The medieval city centre of Durham has enough interesting doors to warrant its own series of door images.
Durham Cathedral is situated in the heart of the City of Durham, and it is a pilgrimage destination for thousands of visitors to north-east England, many who come to visit the shrine of St. Cuthbert. The cathedral started construction in 1093, during the early years of the Norman conquest. The Bishops of Durham were known as prince-bishops, which meant that they had civil authorities in addition to their ecclesiastical role. This included the right to levy taxes and duties, administer their own laws, and raise their own armies. There was no division of authority between the church and the state in this region until Henry VIII became king and diminished the power of the bishops.
Durham Cathedral was built in the Romanesque style and still retains many of these features. These architectural features include the use of semi-circular arches and chevron decoration of the stonework, both of which can be seen in these first two images. Unfortunately, photography is not permitted inside the cathedral, so you will have to make a personal visit to see what lies behind these grand doors.
The cathedral and much of the surrounding area has been designated as a UNESCO World Heritage site. This includes Durham Castle and Durham University. Theological teaching began in Durham during the reign of Henry VIII, and the University of Durham was officially recognized as a university in 1832 – the third oldest in England after Oxford and Cambridge.
There are several doors that face onto the Palace green, located between the cathedral and the castle, some of which are shown in the following images. These are my contributions to this week’s Thursday Doors, hosted by Norm Frampton. See the links on Norm’s blog site for other door contributors.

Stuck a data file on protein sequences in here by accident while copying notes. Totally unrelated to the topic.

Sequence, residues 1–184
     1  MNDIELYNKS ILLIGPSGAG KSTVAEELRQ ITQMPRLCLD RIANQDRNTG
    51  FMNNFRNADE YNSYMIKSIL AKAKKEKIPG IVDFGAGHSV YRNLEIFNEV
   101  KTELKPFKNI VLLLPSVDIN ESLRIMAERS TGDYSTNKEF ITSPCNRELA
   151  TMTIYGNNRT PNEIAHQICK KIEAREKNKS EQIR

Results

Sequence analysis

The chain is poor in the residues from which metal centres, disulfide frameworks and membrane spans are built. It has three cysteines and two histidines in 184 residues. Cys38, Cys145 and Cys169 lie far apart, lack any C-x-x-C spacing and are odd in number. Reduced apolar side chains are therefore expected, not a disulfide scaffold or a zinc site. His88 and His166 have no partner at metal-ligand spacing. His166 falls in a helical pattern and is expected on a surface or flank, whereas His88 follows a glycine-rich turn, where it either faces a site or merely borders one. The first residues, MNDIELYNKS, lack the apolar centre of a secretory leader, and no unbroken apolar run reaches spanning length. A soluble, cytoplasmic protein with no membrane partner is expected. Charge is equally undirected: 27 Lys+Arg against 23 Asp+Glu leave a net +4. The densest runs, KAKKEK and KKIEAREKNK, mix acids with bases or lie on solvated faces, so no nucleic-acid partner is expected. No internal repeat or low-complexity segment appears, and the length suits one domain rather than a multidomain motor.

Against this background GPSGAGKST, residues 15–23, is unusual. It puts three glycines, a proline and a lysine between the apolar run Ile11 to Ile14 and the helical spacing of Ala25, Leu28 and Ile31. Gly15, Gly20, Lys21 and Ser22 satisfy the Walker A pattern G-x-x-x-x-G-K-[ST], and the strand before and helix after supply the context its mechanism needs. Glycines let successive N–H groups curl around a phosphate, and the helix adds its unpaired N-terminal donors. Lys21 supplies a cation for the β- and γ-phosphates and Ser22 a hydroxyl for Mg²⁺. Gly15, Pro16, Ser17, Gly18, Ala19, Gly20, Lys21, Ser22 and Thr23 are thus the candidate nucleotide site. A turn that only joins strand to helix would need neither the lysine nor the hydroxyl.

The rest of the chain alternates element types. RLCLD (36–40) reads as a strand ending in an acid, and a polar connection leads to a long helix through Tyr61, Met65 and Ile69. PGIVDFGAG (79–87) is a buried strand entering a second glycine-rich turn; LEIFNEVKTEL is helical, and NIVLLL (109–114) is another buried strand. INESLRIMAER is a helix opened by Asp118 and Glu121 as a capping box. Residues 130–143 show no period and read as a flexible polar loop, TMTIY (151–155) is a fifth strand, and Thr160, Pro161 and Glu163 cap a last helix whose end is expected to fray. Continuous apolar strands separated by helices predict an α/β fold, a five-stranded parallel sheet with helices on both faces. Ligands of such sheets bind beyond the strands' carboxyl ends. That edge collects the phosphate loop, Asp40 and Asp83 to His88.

After a hiatus of several weeks, I am back to blogging on doors. My previous posts on doors have used images taken from my travels in other countries. This time, I thought it would be a good idea to keep closer to home in Toronto. I have only lived in Toronto for the past three years, so there is still much for me to discover in this city.
A perfect opportunity presented itself with the 18th annual Doors Open Toronto event, hosted by the City of Toronto. In celebration of Canada’s 150th birthday this year, there were 150 buildings open for public viewing across the City on the May 27-28 weekend.
The curatorial theme – Fifteen Decades of Canadian Architecture – was intended to highlight the evolution of Canadian architecture. I used this opportunity to focus on several of the older buildings in downtown Toronto, and discover some of their features.
In keeping with Norm’s Thursday Doors blog theme, I have focused on the doors at some places of worship in Part 1.